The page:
I explained the concept of giving someone your undivided attention, not talking to her while you read the newspaper or watch television but looking into her eyes, giving her your full attention, doing something with her that she enjoys doing and doing it wholeheartedly.
Quality time does not mean that we have to spend our together moments gazing into each other’s eyes. It means that we are doing something together and that we are giving our full attention to the other person. The activity in which we are both engaged is incidental. The important thing emotionally is that we are spending focused time with each other. The activity is a vehicle that creates the sense of togetherness.
Most individuals who complain that their spouse does not talk do not mean literally that he or she never says a word. They mean that he or she seldom takes part in sympathetic dialogue.
If your spouse’s primary love language is quality time, such dialogue is crucial to his or her emotional sense of being loved. Quality conversation is quite different from the first love language. Words of affirmation focus on what we are saying, whereas quality conversation focuses on what we are hearing. If I am sharing my love for you by means of quality time and we are going to spend that time in conversation, it means I will focus on drawing you out, listening sympathetically to what you have to say. I will ask questions, not in a badgering manner but with a genuine desire to understand your thoughts, feelings, and desires.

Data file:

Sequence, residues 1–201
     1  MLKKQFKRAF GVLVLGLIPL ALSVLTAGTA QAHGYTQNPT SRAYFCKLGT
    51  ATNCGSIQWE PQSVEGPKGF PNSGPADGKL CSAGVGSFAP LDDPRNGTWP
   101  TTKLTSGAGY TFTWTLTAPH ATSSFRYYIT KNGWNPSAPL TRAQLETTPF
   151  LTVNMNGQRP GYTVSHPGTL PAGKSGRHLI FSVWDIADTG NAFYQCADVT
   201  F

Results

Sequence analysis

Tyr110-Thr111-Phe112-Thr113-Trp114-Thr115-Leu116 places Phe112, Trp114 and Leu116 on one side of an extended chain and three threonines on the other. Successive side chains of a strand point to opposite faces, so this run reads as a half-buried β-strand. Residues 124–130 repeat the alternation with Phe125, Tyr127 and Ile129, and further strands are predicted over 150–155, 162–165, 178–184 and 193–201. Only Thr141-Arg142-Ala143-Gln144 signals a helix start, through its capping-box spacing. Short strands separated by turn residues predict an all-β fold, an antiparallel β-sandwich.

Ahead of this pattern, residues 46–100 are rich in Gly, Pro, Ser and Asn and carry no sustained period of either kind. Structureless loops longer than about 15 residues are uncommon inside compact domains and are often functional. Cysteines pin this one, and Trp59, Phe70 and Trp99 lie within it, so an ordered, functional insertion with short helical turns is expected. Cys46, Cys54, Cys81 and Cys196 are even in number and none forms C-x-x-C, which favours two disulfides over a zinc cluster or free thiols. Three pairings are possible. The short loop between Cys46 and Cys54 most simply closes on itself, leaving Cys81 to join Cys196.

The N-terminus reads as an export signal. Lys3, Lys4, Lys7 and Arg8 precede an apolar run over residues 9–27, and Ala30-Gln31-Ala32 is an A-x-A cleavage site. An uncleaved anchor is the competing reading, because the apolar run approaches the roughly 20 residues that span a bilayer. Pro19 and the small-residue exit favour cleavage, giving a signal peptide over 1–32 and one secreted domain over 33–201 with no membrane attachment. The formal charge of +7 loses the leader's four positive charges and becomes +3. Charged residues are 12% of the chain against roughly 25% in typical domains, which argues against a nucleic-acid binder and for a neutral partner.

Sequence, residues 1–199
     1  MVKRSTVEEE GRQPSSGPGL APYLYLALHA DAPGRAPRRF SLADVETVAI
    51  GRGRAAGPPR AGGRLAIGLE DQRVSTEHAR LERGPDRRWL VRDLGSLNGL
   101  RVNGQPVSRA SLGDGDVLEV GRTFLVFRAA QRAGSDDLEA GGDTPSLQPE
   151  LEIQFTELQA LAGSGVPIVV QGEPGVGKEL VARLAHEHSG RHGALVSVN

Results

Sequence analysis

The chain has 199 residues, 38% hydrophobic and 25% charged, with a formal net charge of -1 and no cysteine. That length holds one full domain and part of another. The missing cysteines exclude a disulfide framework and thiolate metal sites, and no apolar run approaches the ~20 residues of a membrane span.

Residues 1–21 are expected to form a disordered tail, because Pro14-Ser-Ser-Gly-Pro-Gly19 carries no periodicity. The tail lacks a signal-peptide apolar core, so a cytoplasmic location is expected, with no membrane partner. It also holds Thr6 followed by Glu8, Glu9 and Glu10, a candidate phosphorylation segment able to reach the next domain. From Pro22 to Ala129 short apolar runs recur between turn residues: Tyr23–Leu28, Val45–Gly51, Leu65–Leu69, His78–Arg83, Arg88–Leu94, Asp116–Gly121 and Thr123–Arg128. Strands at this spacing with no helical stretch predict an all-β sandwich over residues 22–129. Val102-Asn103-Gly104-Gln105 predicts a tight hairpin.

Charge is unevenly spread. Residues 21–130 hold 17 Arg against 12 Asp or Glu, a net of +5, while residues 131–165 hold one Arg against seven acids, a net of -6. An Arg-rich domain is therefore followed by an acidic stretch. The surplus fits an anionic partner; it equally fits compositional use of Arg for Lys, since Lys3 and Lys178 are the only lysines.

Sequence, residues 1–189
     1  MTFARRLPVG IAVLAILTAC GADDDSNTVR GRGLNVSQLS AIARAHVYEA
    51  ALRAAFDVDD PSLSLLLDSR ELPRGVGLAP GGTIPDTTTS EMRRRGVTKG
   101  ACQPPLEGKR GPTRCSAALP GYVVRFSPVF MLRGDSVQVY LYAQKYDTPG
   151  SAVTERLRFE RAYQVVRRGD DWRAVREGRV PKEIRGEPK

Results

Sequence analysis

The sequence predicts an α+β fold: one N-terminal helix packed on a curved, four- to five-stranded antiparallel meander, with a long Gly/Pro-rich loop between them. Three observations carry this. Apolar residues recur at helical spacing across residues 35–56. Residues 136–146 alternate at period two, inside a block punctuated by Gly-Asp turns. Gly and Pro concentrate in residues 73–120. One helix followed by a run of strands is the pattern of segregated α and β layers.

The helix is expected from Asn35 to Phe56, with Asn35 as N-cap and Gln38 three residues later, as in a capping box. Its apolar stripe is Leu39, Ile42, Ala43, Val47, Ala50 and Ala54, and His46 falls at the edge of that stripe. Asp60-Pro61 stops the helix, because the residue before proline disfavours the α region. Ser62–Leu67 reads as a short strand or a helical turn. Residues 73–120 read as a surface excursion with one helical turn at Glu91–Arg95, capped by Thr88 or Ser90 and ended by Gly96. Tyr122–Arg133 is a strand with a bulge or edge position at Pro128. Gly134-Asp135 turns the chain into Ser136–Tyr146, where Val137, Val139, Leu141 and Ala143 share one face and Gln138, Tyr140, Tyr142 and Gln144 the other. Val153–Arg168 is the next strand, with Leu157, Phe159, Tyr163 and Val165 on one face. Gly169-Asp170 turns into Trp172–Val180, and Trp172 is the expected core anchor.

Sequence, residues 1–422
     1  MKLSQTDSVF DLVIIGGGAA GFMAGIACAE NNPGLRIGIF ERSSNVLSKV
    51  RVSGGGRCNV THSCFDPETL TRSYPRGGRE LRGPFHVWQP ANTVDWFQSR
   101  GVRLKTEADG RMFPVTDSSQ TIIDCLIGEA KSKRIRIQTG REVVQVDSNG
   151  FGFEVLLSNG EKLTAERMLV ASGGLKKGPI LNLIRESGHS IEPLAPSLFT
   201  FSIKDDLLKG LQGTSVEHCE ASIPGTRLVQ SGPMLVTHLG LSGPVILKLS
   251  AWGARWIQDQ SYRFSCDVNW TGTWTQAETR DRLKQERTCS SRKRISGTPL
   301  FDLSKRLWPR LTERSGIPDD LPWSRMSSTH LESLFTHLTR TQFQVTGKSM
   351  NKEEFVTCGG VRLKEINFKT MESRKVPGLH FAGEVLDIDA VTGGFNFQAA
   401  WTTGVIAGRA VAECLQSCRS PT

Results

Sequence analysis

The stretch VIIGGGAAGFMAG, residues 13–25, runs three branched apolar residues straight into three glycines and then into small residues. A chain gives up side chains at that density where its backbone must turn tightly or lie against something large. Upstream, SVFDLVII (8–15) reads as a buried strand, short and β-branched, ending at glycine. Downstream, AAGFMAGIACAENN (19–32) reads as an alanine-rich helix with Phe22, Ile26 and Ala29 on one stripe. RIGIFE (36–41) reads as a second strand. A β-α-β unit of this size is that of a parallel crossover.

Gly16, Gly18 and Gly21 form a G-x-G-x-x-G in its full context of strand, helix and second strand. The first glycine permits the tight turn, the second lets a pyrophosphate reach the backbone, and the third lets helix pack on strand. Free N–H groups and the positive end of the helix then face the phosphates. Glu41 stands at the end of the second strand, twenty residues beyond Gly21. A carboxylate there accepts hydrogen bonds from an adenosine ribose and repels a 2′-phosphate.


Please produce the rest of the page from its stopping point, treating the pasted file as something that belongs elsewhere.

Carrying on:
Emotionally, she longed for him to focus attention on her by listening to her pain and frustration. Patrick was not focusing on listening but on speaking. He listened only long enough to hear the problem and formulate a solution. He didn’t listen long enough or well enough to hear her cry for support and understanding.
1 .Maintain eye contact when your spouse is talking. That keeps your mind from wandering and communicates that he/she has your full attention.
2 . Don’t listen to your spouse and do something else at the same time. Remember, quality time is giving someone your undivided attention. If you are watching, reading, or doing something else in which you are keenly interested and cannot turn from immediately, tell your spouse the truth. A positive approach might be, “I know you are trying to talk to me and I’m interested, but I want to give you my full attention. I can’t do that right now, but if you will give me ten minutes to finish this, I’ll sit down and listen to you.” Most spouses will respect such a request.
3. Listen for feelings. Ask yourself, “What emotion is my spouse experiencing?” When you think you have the answer, confirm it. For example, “It sounds to me like you are feeling disappointed because I forgot __________.” That gives him the chance to clarify his feelings. It also communicates that you are listening intently to what he is saying.